Matthew Lebsack, a railroad engineer who got back at his boss by taking a dump “on the connector between two cars,” throwing “soiled toilet paper out of the window,” and saying he “left a ‘present’ for him,” gets to keep his job, a federal appeals court begrudgingly decided on Wednesday.
“All this despite the restroom being just steps away,” three Republican-appointed circuit judges noted. “His coworkers then had to clean up the mess using bottled water and paper towels.”
As Law&Crime previously reported in late 2019, Lebsack was victorious at the district court level in the dispute between himself and his union on one side and Union Pacific on the other.
Each court, in turn, found that they were bound by the prior decision of the National Rail Adjustment Board, an arbitration body which criticized the underlying behavior but said that firing the engineer would simply be an unjust over-correction, all things considered.
Union Pacific appealed that decision and Lebsack’s union, the International Association of Sheet Metal, Air, Rail, and Transportation Workers (SMART), sought to enforce his arbitration award.
“Although this Court has ruled in favor of SMART as to the reinstatement of Mr. Lebsack, this Court is troubled with this case,” U.S. District Judge Brian C. Buescher wrote in the original decision. “Upon careful review of the record, this Court is puzzled how the arbitration board in this matter came to the conclusion that Mr. Lebsack’s actions of purposely defecating on the knuckle of his train and leaving his feces for others to clean up somehow did not constitute conduct worthy of upholding his termination.”
The bewildered U.S. Court of Appeals for the Eighth Circuit echoed those concerns in their opinion dismissing the company’s complaint:
We share the district court’s bewilderment at the [Rail Adjustment] Board’s conclusion that a company cannot fire someone for purposefully defecating on company property. Even so, we cannot review the merits. Precedent limits us to asking if the Board is “arguably construing or applying the contract and acting within the scope of [its] authority.” We conclude that the Board applied the governing [collective bargaining agreement] and acted within the scope of its authority.
“After the parties’ arguments, the Board first issued an Interim Award reinstating Lebsack and later issued a Final Award upholding that decision,” the opinion notes. “The Board viewed termination as too harsh given Lebsack’s mitigating circumstances and his faithful service record. The Final Award concluded by emphasizing that ‘such conduct in the future cannot be tolerated nor excused.'”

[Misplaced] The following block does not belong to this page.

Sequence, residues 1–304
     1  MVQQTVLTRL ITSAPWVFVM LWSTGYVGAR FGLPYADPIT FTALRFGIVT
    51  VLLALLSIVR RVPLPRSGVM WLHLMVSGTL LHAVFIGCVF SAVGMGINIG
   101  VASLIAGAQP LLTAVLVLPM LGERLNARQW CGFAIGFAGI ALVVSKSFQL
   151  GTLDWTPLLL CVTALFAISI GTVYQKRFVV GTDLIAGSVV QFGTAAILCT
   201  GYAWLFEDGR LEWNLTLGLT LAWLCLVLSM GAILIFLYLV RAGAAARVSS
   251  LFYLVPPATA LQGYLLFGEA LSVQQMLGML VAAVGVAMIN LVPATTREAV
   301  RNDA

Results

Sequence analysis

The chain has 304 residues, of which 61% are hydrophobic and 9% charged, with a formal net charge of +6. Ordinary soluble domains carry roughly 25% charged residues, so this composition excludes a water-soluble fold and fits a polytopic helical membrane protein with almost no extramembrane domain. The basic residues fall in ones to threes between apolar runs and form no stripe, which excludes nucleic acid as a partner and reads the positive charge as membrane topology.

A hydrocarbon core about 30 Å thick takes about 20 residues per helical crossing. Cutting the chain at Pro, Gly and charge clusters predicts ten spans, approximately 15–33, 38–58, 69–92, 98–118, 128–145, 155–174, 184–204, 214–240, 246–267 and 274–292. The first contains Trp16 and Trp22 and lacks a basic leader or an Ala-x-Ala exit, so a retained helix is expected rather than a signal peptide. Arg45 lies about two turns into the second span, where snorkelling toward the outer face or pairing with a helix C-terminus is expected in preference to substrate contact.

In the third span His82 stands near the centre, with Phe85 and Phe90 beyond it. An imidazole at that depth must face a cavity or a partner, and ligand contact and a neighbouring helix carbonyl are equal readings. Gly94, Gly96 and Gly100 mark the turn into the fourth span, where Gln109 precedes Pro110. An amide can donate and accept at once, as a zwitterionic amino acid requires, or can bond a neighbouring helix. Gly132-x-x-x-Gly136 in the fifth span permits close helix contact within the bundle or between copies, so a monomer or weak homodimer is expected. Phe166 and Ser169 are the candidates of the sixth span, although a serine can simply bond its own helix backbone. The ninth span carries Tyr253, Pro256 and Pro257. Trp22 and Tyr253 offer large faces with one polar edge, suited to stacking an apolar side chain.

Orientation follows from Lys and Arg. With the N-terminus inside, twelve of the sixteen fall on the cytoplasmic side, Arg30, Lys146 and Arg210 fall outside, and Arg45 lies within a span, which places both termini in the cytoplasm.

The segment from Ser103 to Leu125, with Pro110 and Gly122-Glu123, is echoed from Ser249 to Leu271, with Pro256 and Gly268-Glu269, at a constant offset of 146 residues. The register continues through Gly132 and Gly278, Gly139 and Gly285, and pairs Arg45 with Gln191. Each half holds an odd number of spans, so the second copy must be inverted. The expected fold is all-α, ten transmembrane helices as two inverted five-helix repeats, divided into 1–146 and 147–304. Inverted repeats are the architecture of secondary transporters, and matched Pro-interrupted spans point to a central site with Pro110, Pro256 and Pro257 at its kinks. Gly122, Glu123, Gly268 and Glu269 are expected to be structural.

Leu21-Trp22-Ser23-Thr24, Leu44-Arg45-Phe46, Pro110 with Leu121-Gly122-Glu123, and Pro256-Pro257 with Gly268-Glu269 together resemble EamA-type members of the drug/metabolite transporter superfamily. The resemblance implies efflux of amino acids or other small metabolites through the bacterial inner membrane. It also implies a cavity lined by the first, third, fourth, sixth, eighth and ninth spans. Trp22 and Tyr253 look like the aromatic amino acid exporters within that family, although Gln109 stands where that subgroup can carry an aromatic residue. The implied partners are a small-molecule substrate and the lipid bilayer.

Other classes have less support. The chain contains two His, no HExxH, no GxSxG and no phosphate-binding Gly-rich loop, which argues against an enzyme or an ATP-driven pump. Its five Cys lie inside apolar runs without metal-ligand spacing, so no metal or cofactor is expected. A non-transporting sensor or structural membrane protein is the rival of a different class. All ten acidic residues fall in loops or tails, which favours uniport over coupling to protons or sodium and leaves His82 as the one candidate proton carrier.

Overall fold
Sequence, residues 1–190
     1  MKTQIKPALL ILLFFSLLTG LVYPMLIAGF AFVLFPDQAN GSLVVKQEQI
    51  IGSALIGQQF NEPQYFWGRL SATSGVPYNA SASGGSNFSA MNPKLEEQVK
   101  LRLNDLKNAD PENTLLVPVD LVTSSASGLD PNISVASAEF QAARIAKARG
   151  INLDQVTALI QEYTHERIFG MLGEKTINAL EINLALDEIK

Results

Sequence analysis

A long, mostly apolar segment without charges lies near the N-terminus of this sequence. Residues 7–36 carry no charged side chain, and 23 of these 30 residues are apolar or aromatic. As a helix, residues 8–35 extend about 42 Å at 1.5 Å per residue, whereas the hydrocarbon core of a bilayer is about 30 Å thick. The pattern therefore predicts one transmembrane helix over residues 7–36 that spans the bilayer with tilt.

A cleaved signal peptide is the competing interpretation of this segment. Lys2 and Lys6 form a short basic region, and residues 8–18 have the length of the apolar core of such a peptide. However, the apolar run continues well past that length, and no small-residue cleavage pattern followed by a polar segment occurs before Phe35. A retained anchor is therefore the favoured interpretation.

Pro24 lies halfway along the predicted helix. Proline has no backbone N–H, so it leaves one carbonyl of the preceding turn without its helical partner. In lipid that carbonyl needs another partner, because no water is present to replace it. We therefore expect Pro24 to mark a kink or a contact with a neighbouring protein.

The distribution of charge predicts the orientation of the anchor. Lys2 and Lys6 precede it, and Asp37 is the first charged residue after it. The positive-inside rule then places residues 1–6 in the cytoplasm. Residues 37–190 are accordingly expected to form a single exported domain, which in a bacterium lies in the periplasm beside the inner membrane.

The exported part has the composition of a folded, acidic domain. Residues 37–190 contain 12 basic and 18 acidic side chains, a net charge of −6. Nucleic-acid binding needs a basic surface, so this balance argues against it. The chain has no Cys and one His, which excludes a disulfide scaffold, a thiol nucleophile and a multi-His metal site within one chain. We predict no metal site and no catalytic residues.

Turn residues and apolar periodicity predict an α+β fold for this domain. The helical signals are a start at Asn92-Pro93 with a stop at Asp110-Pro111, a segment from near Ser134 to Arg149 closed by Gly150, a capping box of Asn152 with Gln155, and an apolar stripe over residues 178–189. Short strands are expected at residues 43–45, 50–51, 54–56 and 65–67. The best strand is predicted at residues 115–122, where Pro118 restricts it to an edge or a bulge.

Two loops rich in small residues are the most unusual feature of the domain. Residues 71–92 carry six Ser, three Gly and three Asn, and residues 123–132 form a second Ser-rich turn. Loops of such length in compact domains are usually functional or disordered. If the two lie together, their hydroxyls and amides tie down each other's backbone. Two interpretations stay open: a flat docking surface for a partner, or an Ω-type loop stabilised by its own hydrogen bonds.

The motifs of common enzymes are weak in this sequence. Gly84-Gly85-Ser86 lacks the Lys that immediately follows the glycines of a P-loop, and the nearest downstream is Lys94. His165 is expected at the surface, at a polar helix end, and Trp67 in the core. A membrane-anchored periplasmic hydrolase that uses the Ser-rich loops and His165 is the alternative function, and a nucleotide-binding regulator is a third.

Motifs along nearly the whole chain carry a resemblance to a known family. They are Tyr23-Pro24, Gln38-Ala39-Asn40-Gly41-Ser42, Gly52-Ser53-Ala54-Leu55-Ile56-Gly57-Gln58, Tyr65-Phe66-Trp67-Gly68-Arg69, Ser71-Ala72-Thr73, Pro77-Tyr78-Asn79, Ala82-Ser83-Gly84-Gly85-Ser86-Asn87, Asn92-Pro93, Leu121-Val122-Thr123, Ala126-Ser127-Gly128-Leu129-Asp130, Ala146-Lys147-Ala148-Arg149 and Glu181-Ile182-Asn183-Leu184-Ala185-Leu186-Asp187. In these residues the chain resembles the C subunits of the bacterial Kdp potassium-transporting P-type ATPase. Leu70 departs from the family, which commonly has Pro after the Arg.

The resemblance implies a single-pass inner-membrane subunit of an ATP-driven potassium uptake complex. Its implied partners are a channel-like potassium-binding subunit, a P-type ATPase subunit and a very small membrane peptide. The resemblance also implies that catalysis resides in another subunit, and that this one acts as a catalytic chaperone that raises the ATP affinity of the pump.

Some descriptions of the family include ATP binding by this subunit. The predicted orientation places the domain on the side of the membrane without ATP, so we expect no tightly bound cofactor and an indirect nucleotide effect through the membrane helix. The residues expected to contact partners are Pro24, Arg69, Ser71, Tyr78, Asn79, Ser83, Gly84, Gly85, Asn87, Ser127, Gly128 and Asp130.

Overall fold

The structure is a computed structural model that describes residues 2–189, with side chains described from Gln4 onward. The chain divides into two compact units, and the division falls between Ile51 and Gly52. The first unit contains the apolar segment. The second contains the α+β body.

The arbitration decision/award reads, in relevant part:
Given that [Lebsack] was a long-term employee with a known history of psychological issues, before any disciplinary action was contemplated, it would have been reasonable for [Union Pacific] to have first sent [Lebsack] for comprehensive psych and medical evaluations to determine his fitness for duty and the credibility of his explanations. If found fit, it would then have been appropriate to handle the incident strictly as a disciplinary matter.
Union Pacific made their case by insisting that the board was creating a new standard by issuing Lebsack’s award—consideration of medical and psychological histories. The court disagreed, noting that this was actually just a one-off case where medical and psychological history was taken into account.
“The award only addresses Lebsack’s case,” the Eighth Circuit notes. “It imposes no prospective, all-encompassing duty on Union Pacific for any future cases.”
The three-judge panel also explained that the arbitration board is allowed to fashion its own resolution for bad employee behavior so long as its decisions are based on the operative collective bargaining agreement and, in this particular case, meet two contractual criteria contained in the collective bargaining agreement: (1) notifying the employee they are being targeted for discipline; and (2) conducting a fair and impartial investigation before meting out discipline.
“Unlike [in two cases cited by Union Pacific], this [collective bargaining agreement] does not expressly restrict the [Adjustment] Board’s authority to review and modify Union Pacific’s remedy choice, even in a just-cause termination,” the decision notes. “Without such a limit, we hold that the Board’s remedy did not contradict or alter the [collective bargaining agreement’s] terms.”
Read the ruling below:
[image via GEORGE FREY/AFP via Getty Images]
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